Plasticizers have been reported to have been blended with PLLA to improve its mechanical properties (Sitompul et al., 2016). Plasticizers are additive materials that can increase the flexibility and durability of a material. For certain issues and applications, biodegradable plasticizers have become favored for use as PLLA modifiers. In biomedical applications, various PLLA blends have been investigated for application in drug delivery, implants, surgical sutures, orthopaedic devices and scaffolds in tissue engineering (Saini et al., 2016). For the last of these applications, some of the aspects that should be considered in using polyesters and their composites in tissue engineering are biodegradability, biocompatibility and morphology, as well as processability and the mechanical properties of the materials (Pavia et al., 2012). Some studies have reported the blending of PLLA with biopolymers, which have a plasticizing effect for biomedical applications. Chen et al. (2015) report the preparation of a porous scaffold from blend of PLLA and poly(ethylene glycol) (PEG) by supercritical CO2 foaming and particle leaching. The addition of PEG to the PLLA matrix has a plasticizing effect on the PLLA, indicated by the decrease in Tg in it. Another study by Frydrych et al. (2015) showed that blends of PLLA and poly(glycerol sebacate) (PGS) provide a porous microstructure, good hydrophilic characteristics, and good mechanical properties, which have potential for application as scaffolds in tissue engineering. PGS is a biodegradable and biocompatible synthetic elastomer, which shows mechanical behavior resembling the properties of soft tissue (Wang et al., 2002; Rai et al., 2012). PGS is also a non-toxic material and contains monomers of glycerol.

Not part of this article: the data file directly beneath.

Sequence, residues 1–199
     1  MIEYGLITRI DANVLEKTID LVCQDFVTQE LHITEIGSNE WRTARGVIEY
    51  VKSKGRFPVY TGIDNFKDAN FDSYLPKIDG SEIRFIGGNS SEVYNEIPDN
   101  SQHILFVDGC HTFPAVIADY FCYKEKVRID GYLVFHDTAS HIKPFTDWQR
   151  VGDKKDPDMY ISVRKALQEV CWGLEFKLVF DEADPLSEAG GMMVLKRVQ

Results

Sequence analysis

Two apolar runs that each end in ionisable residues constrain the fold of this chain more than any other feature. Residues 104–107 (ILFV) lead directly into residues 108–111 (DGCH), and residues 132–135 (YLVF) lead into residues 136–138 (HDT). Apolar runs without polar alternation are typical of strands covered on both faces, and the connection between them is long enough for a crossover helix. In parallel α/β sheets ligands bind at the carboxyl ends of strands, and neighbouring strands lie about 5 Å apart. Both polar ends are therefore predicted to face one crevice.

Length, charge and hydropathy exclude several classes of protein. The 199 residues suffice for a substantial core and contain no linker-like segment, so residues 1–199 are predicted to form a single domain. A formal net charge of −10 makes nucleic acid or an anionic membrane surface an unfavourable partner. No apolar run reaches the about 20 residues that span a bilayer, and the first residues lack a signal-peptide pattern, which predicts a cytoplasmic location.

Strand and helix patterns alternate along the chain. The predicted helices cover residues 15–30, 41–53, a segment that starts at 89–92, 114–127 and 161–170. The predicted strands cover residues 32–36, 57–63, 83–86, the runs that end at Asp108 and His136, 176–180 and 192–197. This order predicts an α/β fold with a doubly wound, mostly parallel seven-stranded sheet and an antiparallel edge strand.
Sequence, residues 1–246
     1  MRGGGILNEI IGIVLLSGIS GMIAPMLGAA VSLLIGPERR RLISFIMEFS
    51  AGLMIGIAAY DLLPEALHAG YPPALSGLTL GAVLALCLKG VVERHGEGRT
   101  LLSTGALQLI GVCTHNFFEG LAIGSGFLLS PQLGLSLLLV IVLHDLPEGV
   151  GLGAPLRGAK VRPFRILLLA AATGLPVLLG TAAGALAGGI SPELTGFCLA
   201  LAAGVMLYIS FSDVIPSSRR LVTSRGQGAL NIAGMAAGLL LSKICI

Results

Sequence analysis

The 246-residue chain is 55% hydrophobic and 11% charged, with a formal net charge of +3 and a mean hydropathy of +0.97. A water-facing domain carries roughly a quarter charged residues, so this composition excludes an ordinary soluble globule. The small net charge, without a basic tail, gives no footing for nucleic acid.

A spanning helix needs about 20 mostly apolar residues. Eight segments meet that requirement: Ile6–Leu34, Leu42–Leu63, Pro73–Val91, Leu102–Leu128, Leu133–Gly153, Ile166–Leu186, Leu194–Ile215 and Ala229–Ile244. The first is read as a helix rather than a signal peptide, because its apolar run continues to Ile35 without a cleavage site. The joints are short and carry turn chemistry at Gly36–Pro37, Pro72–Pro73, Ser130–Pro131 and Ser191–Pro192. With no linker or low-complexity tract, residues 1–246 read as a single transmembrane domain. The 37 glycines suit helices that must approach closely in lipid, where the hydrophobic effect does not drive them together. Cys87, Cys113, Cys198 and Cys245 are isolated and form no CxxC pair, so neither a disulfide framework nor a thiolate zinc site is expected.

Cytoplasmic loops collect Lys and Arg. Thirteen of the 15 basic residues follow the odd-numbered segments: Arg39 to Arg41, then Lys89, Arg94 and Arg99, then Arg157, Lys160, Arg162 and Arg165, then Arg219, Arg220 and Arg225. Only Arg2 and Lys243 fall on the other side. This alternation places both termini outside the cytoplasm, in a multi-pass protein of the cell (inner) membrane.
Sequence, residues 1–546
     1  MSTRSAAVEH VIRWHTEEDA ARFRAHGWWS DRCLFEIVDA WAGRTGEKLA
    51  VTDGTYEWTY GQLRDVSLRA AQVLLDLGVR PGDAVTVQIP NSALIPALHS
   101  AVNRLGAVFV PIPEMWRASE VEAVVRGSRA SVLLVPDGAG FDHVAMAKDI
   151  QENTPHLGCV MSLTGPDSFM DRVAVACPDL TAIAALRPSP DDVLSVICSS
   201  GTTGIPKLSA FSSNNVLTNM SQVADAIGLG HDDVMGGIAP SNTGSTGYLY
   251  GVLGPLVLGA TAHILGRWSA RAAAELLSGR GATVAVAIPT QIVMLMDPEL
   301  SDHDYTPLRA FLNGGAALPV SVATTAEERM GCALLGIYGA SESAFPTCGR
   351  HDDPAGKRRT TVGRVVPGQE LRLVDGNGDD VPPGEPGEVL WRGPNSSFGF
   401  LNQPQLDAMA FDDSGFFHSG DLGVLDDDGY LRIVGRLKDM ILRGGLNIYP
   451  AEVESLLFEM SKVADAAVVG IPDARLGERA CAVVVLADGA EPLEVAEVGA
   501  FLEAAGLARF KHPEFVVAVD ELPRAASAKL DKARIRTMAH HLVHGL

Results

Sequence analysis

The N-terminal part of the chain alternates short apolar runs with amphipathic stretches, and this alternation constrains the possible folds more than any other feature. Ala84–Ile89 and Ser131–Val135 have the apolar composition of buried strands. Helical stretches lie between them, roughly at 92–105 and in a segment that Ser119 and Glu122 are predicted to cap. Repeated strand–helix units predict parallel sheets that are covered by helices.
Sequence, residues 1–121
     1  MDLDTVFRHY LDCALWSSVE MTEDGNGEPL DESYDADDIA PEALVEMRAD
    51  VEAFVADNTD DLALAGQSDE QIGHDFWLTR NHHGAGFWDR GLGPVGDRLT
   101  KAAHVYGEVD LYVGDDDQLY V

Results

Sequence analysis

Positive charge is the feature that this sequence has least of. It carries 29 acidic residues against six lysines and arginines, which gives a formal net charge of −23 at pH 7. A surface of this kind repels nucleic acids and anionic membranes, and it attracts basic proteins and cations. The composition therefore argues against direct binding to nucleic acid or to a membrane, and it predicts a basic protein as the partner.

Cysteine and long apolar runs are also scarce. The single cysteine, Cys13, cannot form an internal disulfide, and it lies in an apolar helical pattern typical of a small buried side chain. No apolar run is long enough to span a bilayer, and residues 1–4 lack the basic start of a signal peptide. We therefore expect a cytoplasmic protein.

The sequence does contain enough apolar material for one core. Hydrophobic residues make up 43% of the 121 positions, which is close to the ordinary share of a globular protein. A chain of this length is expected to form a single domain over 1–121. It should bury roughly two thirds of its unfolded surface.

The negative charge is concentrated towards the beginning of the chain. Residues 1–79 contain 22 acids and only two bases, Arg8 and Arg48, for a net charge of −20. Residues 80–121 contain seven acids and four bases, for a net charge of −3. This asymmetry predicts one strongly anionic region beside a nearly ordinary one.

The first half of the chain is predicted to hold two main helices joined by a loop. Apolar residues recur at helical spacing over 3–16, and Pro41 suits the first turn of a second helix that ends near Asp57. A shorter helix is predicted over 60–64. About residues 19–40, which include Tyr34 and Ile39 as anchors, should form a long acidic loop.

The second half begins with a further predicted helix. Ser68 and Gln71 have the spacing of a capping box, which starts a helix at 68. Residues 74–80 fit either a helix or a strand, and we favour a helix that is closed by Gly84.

In blending two or more components, one of the problems that should be tackled is the low compatibility between two or more components, which will influence the physical properties of the composites. To enhance this compatibility, the addition of a compatibilizer is a simple approach that can be taken. The compatibilizer used can be one or all the components that have been surface-modified by the grafting technique. Wang et al. (2012) report that composites of MA-grafted PLLA and cellulose acetate have good mechanical properties and are biocompatible. MA is a non-toxic material which has been used in the biomedical field. In addition, for wood-plastic composites (blends of polypropylene and polyethylene), grafting MA onto the composite plastics has led to improvements in the mechanical properties of the composites because of the enhancement of interfacial bonding and dispersion of wood in the matrix (Gao et al., 2012).